$$${x}_{{2}}=\frac{{-{\left(-{9}\right)}-\sqrt{{{121}}}}}{{{2}\cdot{5}}}=\frac{{{9}-{11}}}{{10}}=-\frac{{2}}{{10}}=-\frac{{1}}{{5}}$$$.

Answer: roots are $$${2}$$$ and $$$-\frac{{1}}{{5}}$$$.

However, we will not always get rational roots. Roots can also be irrational.

Example 2. Solve the following equation: $$${{y}}^{{2}}-{6}{y}+{2}={0}$$$.

Here $$${a}={1}$$$, $$${b}={6}$$$, $$${c}={2}$$$.

Calculate discriminant: $$${D}={{6}}^{{2}}-{4}\cdot{1}\cdot{2}={36}-{8}={28}$$$.

Since discriminant is positive, then we expect 2 real roots.

$$${x}_{{1}}=\frac{{-{6}+\sqrt{{{28}}}}}{{{2}\cdot{1}}}=\frac{{-{6}+\sqrt{{{4}\cdot{7}}}}}{{2}}=\frac{{-{6}+\sqrt{{{4}}}\cdot\sqrt{{{7}}}}}{{2}}=\frac{{-{6}+{2}\sqrt{{{7}}}}}{{2}}=-\frac{{6}}{{2}}+\frac{{{2}\sqrt{{{7}}}}}{{2}}=-{3}+\sqrt{{{7}}}$$$.

$$${x}_{{2}}=\frac{{-{6}-\sqrt{{{28}}}}}{{{2}\cdot{1}}}=\frac{{-{6}-\sqrt{{{4}\cdot{7}}}}}{{2}}=\frac{{-{6}-\sqrt{{{4}}}\cdot\sqrt{{{7}}}}}{{2}}=\frac{{-{6}-{2}\sqrt{{{7}}}}}{{2}}=-{3}-\sqrt{{{7}}}$$$.

Answer: roots are $$$-{3}+\sqrt{{{7}}}$$$ and $$$-{3}-\sqrt{{{7}}}$$$.

Next case is when there is only one root.

Example 3. Solve $$${9}{{x}}^{{2}}=-{6}{x}-{1}$$$.

First of all, write equation in standard form: $$${9}{{x}}^{{2}}+{6}{x}+{1}={0}$$$.

Here $$${a}={9}$$$, $$${b}={6}$$$, $$${c}={1}$$$.

Calculate discriminant: $$${D}={{6}}^{{2}}-{4}\cdot{9}\cdot{1}={0}$$$.

Since discriminant is 0, then we expect 1 real root.

$$${x}=\frac{{-{6}+\sqrt{{{0}}}}}{{{2}\cdot{9}}}=-\frac{{6}}{{18}}=-\frac{{1}}{{3}}$$$.

Answer: root is $$$-\frac{{1}}{{3}}$$$.

Finally, consider a case, when there are no real roots.

Example 4. Solve the equation, using quadratic equation formula: $$${9}{{c}}^{{2}}+{6}{c}=-{2}$$$.

First of all, write equation in standard form: $$${9}{{c}}^{{2}}+{6}{c}+{2}={0}$$$.

Here $$${a}={9}$$$, $$${b}={6}$$$, $$${c}={2}$$$.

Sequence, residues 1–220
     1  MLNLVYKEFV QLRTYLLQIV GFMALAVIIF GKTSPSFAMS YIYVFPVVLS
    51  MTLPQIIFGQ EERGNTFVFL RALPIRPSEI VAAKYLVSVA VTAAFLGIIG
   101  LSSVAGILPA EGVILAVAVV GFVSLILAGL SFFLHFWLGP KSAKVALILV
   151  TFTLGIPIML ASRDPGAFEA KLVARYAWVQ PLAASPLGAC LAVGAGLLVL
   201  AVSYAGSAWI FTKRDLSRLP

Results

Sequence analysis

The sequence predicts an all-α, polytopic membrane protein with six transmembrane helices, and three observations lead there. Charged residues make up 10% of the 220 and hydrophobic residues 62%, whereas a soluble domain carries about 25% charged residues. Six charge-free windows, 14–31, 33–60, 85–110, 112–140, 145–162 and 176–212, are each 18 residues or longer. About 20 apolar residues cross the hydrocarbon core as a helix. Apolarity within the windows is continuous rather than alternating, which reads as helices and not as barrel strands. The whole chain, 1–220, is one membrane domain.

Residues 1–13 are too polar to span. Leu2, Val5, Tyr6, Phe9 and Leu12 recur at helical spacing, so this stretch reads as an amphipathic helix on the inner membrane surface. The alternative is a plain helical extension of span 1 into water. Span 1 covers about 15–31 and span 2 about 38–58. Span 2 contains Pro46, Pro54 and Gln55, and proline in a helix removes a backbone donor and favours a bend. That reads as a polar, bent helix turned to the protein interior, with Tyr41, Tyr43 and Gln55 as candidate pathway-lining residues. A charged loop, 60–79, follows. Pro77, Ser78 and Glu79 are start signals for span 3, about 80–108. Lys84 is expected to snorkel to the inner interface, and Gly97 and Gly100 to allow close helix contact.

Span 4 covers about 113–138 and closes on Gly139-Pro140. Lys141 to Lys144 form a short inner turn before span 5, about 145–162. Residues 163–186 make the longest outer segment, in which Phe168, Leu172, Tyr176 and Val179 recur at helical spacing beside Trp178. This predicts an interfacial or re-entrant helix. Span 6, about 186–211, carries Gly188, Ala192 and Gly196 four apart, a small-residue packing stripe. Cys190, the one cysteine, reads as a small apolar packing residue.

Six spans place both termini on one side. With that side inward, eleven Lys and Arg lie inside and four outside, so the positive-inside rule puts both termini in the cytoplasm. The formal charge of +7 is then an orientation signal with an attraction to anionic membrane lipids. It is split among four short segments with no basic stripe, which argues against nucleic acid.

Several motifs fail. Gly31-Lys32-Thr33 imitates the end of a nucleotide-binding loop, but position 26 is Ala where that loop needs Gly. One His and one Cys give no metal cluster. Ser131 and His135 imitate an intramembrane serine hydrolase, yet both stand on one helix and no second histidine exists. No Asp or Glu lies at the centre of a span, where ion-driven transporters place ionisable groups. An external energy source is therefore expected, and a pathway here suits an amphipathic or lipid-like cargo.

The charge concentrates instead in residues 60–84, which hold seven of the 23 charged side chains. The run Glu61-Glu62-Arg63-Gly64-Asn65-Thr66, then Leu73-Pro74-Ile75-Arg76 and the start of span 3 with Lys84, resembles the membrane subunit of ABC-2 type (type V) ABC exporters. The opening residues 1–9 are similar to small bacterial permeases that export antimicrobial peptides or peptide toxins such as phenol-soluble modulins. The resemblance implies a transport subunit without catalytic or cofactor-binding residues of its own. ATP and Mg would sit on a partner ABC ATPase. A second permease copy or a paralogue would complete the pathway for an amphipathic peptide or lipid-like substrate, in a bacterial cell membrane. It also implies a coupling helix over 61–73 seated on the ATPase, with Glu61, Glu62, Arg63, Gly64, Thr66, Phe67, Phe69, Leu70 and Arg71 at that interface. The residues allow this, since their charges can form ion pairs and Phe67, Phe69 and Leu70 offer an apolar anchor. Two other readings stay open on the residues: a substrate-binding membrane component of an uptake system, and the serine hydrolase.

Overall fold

Calculate discriminant: $$${D}={{6}}^{{2}}-{4}\cdot{9}\cdot{2}=-{36}$$$.

Since discriminant is negative, then there are no roots.

Answer: no real roots.

Quadratic equation can be used to solve incomplete quadratic equations (although, there are faster methods).

Example 5. Solve incomplete quadratic equation $$$-{3}{{x}}^{{2}}+{5}={0}$$$.

Here $$${a}=-{3}$$$, $$${b}={0}$$$, $$${c}={5}$$$.

Calculate discriminant: $$${D}={{0}}^{{2}}-{4}\cdot{\left(-{3}\right)}\cdot{5}={60}$$$.

$$${x}_{{1}}=\frac{{-{0}+\sqrt{{{60}}}}}{{{2}\cdot{\left(-{3}\right)}}}=-\frac{\sqrt{{{60}}}}{{6}}=-\frac{\sqrt{{{60}}}}{\sqrt{{{36}}}}=-\sqrt{{\frac{{60}}{{36}}}}=-\sqrt{{\frac{{5}}{{3}}}}$$$.

$$${x}_{{2}}=\frac{{-{0}-\sqrt{{{60}}}}}{{{2}\cdot{\left(-{3}\right)}}}=\sqrt{{\frac{{5}}{{3}}}}$$$.

Answer: roots are $$$-\sqrt{{\frac{{5}}{{3}}}}$$$ and $$$\sqrt{{\frac{{5}}{{3}}}}$$$.

Now, it is time to exercise.

Exercise 1. Solve the following incomplete equation, using qudratic formula: $$${2}{{x}}^{{2}}-\frac{{5}}{{3}}{x}={0}$$$.

Answer: $$${0}$$$ and $$$\frac{{5}}{{6}}$$$.

Exercise 2. Solve equation $$${24}{{x}}^{{2}}=-{7}{x}+{5}$$$.

Answer: $$$-\frac{{5}}{{8}}$$$ and $$$\frac{{1}}{{3}}$$$.

Exercise 3. Find roots of the equation $$${2}{{c}}^{{2}}-{3}{c}=-{21}$$$.

Answer: no real roots.

Exercise 4. Solve $$$\frac{{1}}{{4}}{{x}}^{{2}}-{5}{x}+{25}={0}$$$.

Answer: $$${10}$$$.

Exercise 5. Solve the following equation, using the quadratic formula: $$$\frac{{1}}{{3}}{{y}}^{{2}}+{5}{y}-{7}={0}$$$.

Answer: $$$\frac{{-{15}-\sqrt{{{309}}}}}{{2}}$$$ and $$$\frac{{-{15}+\sqrt{{{309}}}}}{{2}}$$$.